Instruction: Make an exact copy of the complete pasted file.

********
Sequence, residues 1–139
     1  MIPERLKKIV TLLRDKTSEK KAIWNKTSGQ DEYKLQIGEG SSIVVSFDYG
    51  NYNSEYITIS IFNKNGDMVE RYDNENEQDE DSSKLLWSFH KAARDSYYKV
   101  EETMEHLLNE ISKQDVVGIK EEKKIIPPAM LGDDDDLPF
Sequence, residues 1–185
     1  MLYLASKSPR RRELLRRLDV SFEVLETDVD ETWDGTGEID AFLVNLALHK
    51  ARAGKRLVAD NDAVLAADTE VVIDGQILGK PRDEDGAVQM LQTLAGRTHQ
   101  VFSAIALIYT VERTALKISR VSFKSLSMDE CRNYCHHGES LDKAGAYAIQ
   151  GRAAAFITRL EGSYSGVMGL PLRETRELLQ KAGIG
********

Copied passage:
Sequence, residues 1–139
     1  MIPERLKKIV TLLRDKTSEK KAIWNKTSGQ DEYKLQIGEG SSIVVSFDYG
    51  NYNSEYITIS IFNKNGDMVE RYDNENEQDE DSSKLLWSFH KAARDSYYKV
   101  EETMEHLLNE ISKQDVVGIK EEKKIIPPAM LGDDDDLPF
Sequence, residues 1–185
     1  MLYLASKSPR RRELLRRLDV SFEVLETDVD ETWDGTGEID AFLVNLALHK
    51  ARAGKRLVAD NDAVLAADTE VVIDGQILGK PRDEDGAVQM LQTLAGRTHQ
   101  VFSAIALIYT VERTALKISR VSFKSLSMDE CRNYCHHGES LDKAGAYAIQ
   151  GRAAAFITRL EGSYSGVMGL PLRETRELLQ KAGIG